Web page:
Chef will take your veggies from box to plate
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Here's the great thing about a community supported agriculture, or CSA, program subscription: All those wonderful fresh fruits and vegetables delivered each week throughout the summer growing season.
Here's the not-so-great thing about a CSA: What do to with all that food, especially when the week's bounty includes unfamiliar items you don't have a clue as to how to prepare. (Seriously. What's a girl to do with kale? Or kohlrabi?)
Where there's a will, though, there's usually a way. And where there's not? Rachel Lori, a personal chef based in Lawrenceville, wants to help.
Last summer, the grad of Manhattan's Institute of Culinary Education returned home to Pittsburgh to continue her career as a personal chef and caterer. This summer, she'll extend those talents to local CSA subscribers. For $125 a week with a five-week minimum, plus the cost of the CSA subscription, the Fox Chapel native will pick up your weekly allotment, add locally sourced organic proteins and dry goods, and then turn it into at least five meals for two in the commercial kitchen she rents off-hours. Then, she'll box it up in easily reheatable containers and drop it right at your door.
The Kretschmann Farm in Rochester is already offering it as a service on its Web site (kretschmannfarm.com), and more farms will follow, expects Chef Lori, who is one of the presenters at the upcoming Farm to Table Conference. Should a customer be excited about a particular CSA, she's willing to work with them, too; if you're new to the idea, she can also help determine which CSA and plan will best meet your family's food expectations.
And you thought customer service was dead.
Professional cooks might be comfortable with the variety and quantity of foods in a CSA box, but your average home cook is often scared by it, says Chef Lori. This service, she says, takes that fear away.
"It's a fabulous option to get the freshest, most amazing food at extremely competitive prices," she says. "Absolutely everyone wins."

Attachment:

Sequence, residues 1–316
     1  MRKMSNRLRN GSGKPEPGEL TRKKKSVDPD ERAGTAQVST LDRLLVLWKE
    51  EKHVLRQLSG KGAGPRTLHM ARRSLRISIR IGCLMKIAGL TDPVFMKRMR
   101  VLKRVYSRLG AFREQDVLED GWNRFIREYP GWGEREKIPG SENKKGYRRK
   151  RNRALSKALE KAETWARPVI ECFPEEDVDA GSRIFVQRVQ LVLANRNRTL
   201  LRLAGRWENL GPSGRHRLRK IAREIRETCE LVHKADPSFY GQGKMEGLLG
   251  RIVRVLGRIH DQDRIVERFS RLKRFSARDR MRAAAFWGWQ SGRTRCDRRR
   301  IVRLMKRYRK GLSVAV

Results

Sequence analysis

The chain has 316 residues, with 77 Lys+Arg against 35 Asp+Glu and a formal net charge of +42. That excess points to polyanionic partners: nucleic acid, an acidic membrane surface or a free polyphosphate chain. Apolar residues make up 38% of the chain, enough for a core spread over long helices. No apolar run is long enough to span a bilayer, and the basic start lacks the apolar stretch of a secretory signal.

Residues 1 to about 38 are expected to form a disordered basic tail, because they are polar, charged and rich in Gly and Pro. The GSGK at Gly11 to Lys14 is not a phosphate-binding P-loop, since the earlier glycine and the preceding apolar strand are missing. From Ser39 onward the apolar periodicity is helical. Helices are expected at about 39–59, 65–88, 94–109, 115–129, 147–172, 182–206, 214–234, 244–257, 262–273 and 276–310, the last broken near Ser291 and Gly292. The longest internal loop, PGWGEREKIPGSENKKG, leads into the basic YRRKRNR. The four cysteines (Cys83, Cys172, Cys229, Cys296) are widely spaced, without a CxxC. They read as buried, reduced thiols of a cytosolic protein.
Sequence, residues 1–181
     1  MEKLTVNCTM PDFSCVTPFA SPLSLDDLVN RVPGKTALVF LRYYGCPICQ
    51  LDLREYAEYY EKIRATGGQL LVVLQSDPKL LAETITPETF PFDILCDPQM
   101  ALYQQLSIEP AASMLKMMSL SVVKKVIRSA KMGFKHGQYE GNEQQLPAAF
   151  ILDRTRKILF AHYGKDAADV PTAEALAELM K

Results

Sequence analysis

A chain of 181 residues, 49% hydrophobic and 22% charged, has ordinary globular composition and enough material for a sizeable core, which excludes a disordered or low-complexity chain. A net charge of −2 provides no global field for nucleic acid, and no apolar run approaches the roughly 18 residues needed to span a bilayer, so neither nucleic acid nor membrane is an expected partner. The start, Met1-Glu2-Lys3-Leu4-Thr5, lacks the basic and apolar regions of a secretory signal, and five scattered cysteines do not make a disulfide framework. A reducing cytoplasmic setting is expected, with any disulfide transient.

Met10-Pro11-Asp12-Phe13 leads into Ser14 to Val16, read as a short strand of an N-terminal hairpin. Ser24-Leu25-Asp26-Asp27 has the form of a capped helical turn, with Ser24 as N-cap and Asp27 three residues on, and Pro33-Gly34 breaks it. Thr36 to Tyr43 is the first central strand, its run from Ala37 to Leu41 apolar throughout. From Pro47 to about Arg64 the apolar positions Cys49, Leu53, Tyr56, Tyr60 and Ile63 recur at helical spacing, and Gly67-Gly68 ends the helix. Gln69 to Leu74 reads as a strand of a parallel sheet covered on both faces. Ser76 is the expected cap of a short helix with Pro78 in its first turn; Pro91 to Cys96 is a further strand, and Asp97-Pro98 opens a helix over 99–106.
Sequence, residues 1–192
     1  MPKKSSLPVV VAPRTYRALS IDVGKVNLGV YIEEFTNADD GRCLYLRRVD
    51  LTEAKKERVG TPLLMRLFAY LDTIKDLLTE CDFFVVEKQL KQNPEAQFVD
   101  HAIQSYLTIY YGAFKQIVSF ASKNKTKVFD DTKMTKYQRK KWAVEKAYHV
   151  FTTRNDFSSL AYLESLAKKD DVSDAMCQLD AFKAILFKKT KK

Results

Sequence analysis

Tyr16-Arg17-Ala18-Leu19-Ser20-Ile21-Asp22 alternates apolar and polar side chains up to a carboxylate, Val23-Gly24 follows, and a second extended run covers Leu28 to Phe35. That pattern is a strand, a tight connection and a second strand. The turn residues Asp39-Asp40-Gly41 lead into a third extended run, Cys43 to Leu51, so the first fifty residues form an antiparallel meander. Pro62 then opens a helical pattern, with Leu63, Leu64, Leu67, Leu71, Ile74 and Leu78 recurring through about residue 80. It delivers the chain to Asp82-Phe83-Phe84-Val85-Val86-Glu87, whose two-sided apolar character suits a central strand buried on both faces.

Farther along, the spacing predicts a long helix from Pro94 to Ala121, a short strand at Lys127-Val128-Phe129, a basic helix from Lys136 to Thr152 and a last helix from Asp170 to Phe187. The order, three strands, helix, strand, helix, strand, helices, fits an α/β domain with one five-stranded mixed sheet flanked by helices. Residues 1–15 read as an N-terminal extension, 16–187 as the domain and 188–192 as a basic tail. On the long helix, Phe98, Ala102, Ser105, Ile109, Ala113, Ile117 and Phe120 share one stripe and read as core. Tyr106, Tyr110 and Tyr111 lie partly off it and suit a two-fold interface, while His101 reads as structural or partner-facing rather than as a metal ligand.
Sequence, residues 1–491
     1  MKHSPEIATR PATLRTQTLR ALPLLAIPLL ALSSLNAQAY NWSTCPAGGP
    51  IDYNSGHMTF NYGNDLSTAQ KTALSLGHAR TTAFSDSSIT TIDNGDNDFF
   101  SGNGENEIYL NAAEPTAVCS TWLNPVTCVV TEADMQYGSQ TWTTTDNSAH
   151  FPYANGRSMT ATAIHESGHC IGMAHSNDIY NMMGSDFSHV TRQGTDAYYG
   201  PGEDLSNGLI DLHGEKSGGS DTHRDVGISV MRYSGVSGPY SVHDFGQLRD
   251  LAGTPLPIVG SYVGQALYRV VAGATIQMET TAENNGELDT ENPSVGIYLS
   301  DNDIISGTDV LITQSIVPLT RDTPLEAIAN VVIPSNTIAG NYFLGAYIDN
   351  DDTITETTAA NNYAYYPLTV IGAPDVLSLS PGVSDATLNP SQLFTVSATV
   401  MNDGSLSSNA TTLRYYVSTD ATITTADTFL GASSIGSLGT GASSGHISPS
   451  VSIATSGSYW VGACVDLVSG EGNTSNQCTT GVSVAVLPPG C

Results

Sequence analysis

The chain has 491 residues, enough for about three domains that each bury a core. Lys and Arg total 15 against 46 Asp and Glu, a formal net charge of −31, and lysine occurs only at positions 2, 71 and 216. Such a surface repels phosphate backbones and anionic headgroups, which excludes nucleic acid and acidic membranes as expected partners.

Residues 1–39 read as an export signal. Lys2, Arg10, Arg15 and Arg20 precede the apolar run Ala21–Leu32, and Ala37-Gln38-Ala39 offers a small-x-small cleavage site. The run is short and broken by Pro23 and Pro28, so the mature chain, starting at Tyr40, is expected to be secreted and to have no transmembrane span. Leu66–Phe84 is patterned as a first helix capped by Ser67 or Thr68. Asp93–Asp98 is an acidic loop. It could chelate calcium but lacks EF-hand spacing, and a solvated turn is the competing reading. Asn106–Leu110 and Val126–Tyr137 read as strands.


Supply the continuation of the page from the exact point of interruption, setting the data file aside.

Adding to its appeal is the continual variety. Depending on what's in season, your delivery might include a fabulous fruit pie or lasagna Bolognese with fresh ricotta and spinach. You may know what's in the box, but there will still be an element of surprise to the meals. Or as she puts it, "Every day is like Christmas morning."
But what is you're looking for just the occasional meal or pantry item? Cooking instructor/chef Claudio Masci has partnered with Isidore Foods, a food subscription service that works with more than three dozen local farms, to offer his signature Italian dishes, breads and homemade pasta sauces.
Prices range from $5 for a loaf of focaccia or feather bread and $7 for a quart of vegetarian plum sauce to $22.50 for a six-serving tray of chicken Romano or marsala (isidorefoods.com). Chef Masci is also willing to make special orders. Purchases are delivered to a designated pick-up point based on zip code.
"It's all based on what's in season," says Chef Masci, who came to Pittsburgh from Italy's Abruzzi region 40 years ago and has been a name on the Pittsburgh restaurant scene since. He also teaches cooking at several local institutions, including Alfano's at the Quail in North Strabane and the Sweetwater Center for the Arts in Sewickley.
Chef Lori, too, worked for years in restaurant kitchens and private homes in the Hamptons and New York City, considered by many the culinary center of the universe. But Pittsburgh, she says, also has an "amazing" food scene.
"It's unparalleled," says Chef Lori, who tried her hand at acting before deciding on a career in the kitchen. "You hear about new restaurants every day, and the farm situation is unbelievable. You've got the Fertile Crescent here."
Chef Lori, whose Web site is personalchefrachel.com, is hoping to get as many people to sign up for her services as her hands can cook for -- say, 15 or 20. Already, a handful of clients have committed.
"Every person I tell the idea to thinks it's wonderful, so I am really excited and optimistic," she says. "I'm hoping people will throw a little caution to the wind and try new things."
Correction/Clarification: (Published Mar. 28, 2009) Cooking instructor/chef Claudio Masci, who has partnered with Isidore Foods, teaches at the Sweetwater Center for the Arts in Sewickley. The affliation was incorrect in this article as originally published Mar. 26, 2009.
First Published March 26, 2009 12:00 am